In order for your faith to lead you to salvation, it must be centered in the Lord Jesus Christ (see Acts 4:10–12; Mosiah 3:17; Moroni 7:24–26; Articles of Faith 1:4). You can exercise faith in Christ when you have an assurance that He exists, a correct idea of His character, and a knowledge that you are striving to live according to His will.

            Having faith in Jesus Christ means relying completely on Him –  trusting in His infinite power, intelligence, and love. It includes believing His teachings. It means believing that even though you do not understand all things, He does. Remember that because He has experienced all your pains, afflictions, and infirmities, He knows how to help you rise above your daily difficulties (see Alma 7:11–12; D&C 122:8). He has “overcome the world” ( John 16:33) and prepared the way for you to receive eternal life. He is always ready to help you as you remember His plea: “Look unto me in every thought; doubt not, fear not” (D&C 6:36).

There are many good sounding statements in these two paragraphs.  But look at the object, at what they tell people to have faith in.  You can exercise faith in Christ when you have an assurance that He exists, a correct idea of His character, and a knowledge that you are striving to live according to His will.

And a little bit later:  trusting in His infinite power, intelligence, and love. It includes believing His teachings. 

      Noticeably absent is any talk of trusting in his death for our sins.  But that is what the Bible says is essential.  “Whom God hath set forth to be a propitiation through faith in his blood.” (Romans 3:25)  Saving faith is very specific; it’s trusting that Jesus, through his life and death, has saved us.  It’s trusting completely in Jesus and not in our own works.  “But to him that worketh not, but believeth on him that justifieth the ungodly, his faith is counted for righteousness.” (Romans 4:5)

For all of its talk about faith, this is something Mormonism doesn’t talk about.  Therefore this is something we need to talk to our Mormon friends about. They need to hear that saving faith is trusting in Jesus’ works, not their own.



Enduring until the End

Mormons often respond to a Christian’s insistence that a person’s works do not contribute anything to salvation by pointing to those passages in the Bible (i.e. Matthew 10:22) that tell us to endure until the end.  They then claim that those passages are saying that the Bible says we have to do something to be saved; namely, endure.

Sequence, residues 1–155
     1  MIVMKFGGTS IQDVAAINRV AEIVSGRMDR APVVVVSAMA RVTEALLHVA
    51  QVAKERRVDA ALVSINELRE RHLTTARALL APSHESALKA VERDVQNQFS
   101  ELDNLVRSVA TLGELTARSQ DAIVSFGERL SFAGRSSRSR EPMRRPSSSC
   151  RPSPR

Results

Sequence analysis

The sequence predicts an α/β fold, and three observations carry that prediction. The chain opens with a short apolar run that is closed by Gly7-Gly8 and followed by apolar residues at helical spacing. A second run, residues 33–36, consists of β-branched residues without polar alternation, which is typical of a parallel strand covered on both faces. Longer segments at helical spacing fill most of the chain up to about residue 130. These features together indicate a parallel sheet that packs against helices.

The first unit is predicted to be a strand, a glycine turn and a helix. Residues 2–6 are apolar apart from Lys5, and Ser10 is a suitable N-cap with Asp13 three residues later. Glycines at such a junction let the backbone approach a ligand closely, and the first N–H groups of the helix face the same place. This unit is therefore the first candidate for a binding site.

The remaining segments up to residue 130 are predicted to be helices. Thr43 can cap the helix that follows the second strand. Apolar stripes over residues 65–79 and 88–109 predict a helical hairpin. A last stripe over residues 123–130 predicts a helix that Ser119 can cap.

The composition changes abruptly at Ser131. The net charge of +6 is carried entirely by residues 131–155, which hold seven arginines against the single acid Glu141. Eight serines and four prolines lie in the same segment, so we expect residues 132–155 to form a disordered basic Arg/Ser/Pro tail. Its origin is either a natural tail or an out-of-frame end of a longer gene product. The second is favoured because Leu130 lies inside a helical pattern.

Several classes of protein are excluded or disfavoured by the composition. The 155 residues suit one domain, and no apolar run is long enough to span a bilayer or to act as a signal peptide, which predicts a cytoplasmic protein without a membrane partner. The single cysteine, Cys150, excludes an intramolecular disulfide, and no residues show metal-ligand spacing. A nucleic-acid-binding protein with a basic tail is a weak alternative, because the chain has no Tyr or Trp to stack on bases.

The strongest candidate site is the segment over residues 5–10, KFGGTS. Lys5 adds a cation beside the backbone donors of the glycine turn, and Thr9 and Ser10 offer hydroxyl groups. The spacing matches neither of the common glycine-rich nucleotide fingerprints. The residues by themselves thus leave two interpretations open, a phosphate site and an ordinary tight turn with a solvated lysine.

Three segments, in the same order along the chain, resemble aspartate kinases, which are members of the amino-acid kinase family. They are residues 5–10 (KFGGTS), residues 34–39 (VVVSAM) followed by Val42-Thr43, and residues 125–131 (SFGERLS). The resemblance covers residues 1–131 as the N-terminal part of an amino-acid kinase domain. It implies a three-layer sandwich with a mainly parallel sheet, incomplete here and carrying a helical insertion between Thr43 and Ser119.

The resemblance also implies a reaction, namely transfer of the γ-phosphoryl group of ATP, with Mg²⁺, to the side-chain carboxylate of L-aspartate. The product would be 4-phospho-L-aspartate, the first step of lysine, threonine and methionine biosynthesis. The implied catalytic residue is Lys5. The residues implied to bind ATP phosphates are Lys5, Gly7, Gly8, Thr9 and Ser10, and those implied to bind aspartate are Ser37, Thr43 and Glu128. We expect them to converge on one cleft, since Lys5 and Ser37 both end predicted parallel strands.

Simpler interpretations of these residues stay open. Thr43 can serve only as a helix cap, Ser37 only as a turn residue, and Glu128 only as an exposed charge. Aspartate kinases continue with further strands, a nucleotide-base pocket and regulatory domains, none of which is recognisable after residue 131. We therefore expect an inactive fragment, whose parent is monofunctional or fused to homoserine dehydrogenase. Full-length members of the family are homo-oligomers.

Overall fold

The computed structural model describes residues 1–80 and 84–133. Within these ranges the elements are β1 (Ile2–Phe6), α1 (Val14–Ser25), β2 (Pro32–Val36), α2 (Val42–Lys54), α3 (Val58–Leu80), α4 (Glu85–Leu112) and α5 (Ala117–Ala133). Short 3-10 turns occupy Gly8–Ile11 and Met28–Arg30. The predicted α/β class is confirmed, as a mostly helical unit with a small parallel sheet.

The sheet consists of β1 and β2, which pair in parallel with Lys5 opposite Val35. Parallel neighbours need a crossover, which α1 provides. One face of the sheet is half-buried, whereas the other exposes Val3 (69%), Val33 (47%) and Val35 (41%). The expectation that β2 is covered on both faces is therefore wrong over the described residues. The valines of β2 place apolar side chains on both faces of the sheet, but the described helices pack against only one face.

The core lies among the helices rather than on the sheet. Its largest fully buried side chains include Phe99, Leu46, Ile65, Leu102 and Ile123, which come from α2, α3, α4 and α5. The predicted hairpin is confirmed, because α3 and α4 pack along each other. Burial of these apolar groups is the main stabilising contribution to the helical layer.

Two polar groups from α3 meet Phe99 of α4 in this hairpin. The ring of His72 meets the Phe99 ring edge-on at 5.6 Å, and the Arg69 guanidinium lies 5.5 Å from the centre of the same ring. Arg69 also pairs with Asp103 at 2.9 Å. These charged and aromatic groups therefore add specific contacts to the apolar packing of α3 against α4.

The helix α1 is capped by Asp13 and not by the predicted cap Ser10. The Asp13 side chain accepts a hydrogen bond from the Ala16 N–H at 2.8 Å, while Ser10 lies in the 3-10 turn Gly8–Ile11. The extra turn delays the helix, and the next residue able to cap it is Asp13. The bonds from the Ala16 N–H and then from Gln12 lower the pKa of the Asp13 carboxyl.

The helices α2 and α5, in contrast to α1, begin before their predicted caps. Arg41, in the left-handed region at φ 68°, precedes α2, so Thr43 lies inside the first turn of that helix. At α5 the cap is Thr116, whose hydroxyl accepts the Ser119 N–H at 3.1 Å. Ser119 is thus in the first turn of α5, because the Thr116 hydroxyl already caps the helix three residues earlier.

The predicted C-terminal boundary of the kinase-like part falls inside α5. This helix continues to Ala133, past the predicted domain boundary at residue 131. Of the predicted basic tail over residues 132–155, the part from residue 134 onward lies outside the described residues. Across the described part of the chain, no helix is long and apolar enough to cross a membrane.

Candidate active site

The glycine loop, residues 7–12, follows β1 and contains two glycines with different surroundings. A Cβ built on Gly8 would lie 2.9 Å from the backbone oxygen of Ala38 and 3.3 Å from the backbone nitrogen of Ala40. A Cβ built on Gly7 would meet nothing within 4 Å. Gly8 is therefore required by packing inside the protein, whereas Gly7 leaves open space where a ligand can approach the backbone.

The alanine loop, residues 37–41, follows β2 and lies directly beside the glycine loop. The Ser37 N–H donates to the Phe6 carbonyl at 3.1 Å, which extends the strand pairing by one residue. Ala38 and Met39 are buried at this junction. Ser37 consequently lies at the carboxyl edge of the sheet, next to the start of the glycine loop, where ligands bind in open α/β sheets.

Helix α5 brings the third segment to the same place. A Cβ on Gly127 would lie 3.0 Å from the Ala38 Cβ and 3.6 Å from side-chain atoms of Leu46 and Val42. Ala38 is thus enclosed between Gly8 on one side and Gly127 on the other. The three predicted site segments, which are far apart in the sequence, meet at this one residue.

At first blush, that appears to be a legitimate argument.  But that is only how it appears to be.  There are two things that show the fallacy of this defense.  First, there are the numerous Bible passages that state that salvation and eternal life are God’s gift to us received only through faith – passages like Ephesians 2:8-9.  One of my favorite passages in this regard is John 3:15-18.  There Jesus talks about salvation and everlasting life.  Five times in that brief section he talks about believing. There is not even one sniff of talk about our work.  Or we could look at a passage like Romans 11:6 (“And if by grace, then it is no more of works: otherwise grace is no more grace.”) which show that God’s grace and human work don’t mix.  In other words, God makes it plain through such passages that he doesn’t consider enduring to the end a work that contributes to our salvation.  If he considered it as such a work, passages such as the ones listed would be false and deceptive.

The second point deals with the question of when we are saved or when we receive eternal life.  It is true that sometimes the Bible talks about this happening in the future referring to when we fully experience that in heaven.  But it is just as true that the Bible often talks about believers having salvation and eternal life right now.  “For by grace are ye saved through faith.” (Ephesians 2:8) “Are ye saved” is a present tense describing a present reality, not a future happening. Or look at Jesus’ words:  “Verily, verily, I say unto you, He that heareth my word and believeth on him that sent me, hath everlasting life, and shall not come into condemnation; but is passed from death unto life.” (John 5:24)   Again “hath” is a present tense.  Note also “is passed” not “will be passed”.  Salvation and eternal life, according to Scripture, does not lie only in the future for believers.  It is their present possession with the full experience of it awaiting them in heaven.

My point in all this is that “enduring” is something believers do only after they have already been saved!  It is not part of their being saved – it doesn’t contribute to their salvation.  Think of a man lying unconscious in his burning house.  A firefighter heroically rescues him and carries him to safety.  There he is attended to by paramedics and regains consciousness.  Although it is probably unnecessary, they warn him not to return to his burning house.  So he stays a safe distance away.  Think of how ridiculous he would sound if he would begin telling people that he contributed to his rescue by staying that safe distance away.  Or think of how the firefighter who rescued him would react to such statements.  Although there is no such thing as a perfect illustration, this is similar to anybody claiming that they contributed to their salvation by enduring to the end. Such statements don’t please our Savior who rescued us by giving everything for us, including his very life.